The Everett McKinley Dirksen U.S. Courthouse is set to witness a doubleheader of action in the sprawling corruption investigations that have roiled City Hall and the Capitol on Tuesday, with former State Rep. Luis Arroyo (D-Chicago) set to be arraigned hours after Ald. Ed Burke (14) could hear when he will face a trial.

Arroyo is set to appear before U.S. District Judge Steven Seeger at 1:30 p.m., when he could plead guilty to corruption charges. Arroyo was arrested and charged in October for allegedly offering to bribe to an unnamed state senator by paying him $2,500 per month for one year in exchange for the senator’s support on legislation that would benefit a client he was working for at the city level.

But that state senator was wearing a wire for the FBI.

Federal prosecutors filed a charging document on Jan. 17 known as an information, which typically indicates that a defendant plans to plead guilty.

According to the criminal complaint, Arroyo began paying bribes in August to a state senator who has been cooperating with the feds since 2016. That senator has been a cooperating witness for the FBI even before it was revealed he had filed false income tax returns. The unnamed senator’s cooperation began again afterward, but the complaint says he has not been promised anything in exchange for working with the feds.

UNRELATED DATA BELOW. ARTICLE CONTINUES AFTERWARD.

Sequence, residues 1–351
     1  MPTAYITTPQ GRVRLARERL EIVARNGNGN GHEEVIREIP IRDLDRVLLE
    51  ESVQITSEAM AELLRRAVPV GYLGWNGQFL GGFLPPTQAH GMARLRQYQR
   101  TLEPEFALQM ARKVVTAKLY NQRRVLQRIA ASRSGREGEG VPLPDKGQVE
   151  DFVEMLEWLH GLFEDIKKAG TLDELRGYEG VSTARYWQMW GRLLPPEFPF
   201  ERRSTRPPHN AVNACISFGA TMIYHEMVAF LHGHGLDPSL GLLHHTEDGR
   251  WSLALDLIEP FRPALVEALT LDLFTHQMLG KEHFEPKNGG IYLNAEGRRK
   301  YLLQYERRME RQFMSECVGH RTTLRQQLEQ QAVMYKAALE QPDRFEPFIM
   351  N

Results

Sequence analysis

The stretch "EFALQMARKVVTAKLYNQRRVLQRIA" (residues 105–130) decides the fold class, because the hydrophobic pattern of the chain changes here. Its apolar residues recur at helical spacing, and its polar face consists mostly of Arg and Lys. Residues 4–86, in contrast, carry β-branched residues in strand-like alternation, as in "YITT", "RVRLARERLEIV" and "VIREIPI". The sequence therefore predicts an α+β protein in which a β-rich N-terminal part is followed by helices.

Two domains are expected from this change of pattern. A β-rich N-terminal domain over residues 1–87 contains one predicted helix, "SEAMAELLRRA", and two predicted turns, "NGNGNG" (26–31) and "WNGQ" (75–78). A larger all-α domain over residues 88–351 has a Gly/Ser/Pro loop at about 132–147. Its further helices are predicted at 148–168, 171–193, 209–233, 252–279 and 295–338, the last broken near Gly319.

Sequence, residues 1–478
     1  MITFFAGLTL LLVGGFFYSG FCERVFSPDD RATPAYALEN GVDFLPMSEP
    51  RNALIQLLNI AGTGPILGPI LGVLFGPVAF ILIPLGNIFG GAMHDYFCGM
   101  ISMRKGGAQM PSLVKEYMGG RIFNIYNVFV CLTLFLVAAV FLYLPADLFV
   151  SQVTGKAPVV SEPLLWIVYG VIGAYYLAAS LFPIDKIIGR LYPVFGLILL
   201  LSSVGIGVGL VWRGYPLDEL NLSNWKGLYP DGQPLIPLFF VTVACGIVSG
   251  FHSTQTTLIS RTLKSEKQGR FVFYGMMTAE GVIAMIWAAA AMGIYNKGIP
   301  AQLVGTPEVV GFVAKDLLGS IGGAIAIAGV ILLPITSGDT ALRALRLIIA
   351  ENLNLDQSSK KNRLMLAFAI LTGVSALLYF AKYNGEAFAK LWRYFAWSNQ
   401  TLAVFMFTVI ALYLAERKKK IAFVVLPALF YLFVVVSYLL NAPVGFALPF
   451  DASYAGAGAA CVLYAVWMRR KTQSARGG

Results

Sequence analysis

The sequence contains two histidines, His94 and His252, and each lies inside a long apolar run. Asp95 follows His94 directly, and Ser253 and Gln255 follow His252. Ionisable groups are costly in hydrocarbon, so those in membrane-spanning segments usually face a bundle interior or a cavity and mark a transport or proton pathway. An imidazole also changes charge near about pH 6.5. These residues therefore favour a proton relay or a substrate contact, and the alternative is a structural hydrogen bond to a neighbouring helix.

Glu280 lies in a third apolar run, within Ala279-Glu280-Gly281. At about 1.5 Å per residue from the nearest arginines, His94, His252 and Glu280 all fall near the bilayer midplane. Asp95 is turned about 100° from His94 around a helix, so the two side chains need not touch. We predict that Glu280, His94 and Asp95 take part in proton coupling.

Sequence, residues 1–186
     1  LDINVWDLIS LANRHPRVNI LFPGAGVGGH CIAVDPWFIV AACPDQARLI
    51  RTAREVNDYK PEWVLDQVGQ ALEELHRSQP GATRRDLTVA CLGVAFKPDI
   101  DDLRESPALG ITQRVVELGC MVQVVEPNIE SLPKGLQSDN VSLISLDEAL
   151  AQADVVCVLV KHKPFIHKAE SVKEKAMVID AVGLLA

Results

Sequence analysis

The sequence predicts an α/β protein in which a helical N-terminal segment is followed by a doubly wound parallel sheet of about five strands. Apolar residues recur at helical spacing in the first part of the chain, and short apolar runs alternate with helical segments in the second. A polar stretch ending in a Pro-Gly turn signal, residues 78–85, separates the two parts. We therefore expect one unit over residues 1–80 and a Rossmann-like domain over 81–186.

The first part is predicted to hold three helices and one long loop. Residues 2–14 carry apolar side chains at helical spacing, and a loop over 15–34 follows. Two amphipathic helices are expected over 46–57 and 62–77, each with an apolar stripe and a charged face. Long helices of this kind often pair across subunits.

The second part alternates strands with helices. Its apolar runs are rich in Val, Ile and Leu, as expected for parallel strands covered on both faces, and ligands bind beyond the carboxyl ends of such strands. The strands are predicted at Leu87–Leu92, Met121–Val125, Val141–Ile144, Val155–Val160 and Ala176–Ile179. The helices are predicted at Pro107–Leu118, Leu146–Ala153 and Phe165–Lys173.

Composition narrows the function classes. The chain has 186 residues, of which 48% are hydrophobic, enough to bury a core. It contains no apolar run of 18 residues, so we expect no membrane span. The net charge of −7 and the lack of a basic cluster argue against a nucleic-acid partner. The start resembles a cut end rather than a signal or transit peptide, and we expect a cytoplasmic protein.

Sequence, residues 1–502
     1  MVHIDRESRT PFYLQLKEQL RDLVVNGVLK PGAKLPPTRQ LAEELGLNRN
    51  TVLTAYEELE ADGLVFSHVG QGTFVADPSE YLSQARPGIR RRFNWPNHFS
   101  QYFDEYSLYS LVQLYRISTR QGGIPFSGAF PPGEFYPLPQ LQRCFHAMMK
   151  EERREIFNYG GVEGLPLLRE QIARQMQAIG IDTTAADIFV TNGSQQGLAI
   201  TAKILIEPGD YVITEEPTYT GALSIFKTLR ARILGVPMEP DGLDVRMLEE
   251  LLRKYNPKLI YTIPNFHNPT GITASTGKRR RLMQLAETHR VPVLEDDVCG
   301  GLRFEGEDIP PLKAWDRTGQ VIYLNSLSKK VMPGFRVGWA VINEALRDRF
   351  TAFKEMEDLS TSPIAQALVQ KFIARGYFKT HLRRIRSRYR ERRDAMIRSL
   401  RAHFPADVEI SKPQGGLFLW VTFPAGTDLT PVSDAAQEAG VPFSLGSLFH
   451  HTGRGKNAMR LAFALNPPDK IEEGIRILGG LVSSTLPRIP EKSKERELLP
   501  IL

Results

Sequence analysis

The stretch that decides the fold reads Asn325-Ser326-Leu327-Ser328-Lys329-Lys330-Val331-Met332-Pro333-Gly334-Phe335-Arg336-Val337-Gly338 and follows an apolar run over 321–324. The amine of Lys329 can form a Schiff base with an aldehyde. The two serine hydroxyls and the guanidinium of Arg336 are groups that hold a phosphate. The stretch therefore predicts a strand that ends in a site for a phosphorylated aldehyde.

State Sen. Terry Link (D-Vernon Hills), a 22-year veteran of the state Senate, has repeatedly denied being the FBI source.

However, there is no indication the case against Burke is anywhere near a final resolution.

U.S. District Judge Robert Dow could decide at a Tuesday morning hearing on whether to set a trial date in early 2021 for Burke, who is running for re-election in March as the 14th Ward Democratic committeeperson, and his two co-defendants, Peter J. Andrews and real estate developer Charles Cui.

Burke, Andrews and Cui are not expected to appear at the hearing. All three have pleaded not guilty.

The additional time before a trial would to allow both sides to sift through a massive trove of documents and recordings that could be used as evidence against Burke, Andrews and Cui.

The indictment released Thursday by the Department of Justice alleges that Burke repeatedly — and brazenly — used his powerful position at City Hall to force those doing business with the city to hire his private law firm.

Read the full timeline of allegations laid out by prosecutors.

Much of the timeline relies on wiretaps, direct quotes and recordings made by former colleague Ald. Danny Solis (25).

Burke pleaded not guilty, his attorneys said. Any allegations that Chicago’s longest-serving alderman “abused his position as a public official for personal gain is simply not true,” and the charges “are unfounded and not based on actual evidence,” according to his lawyers.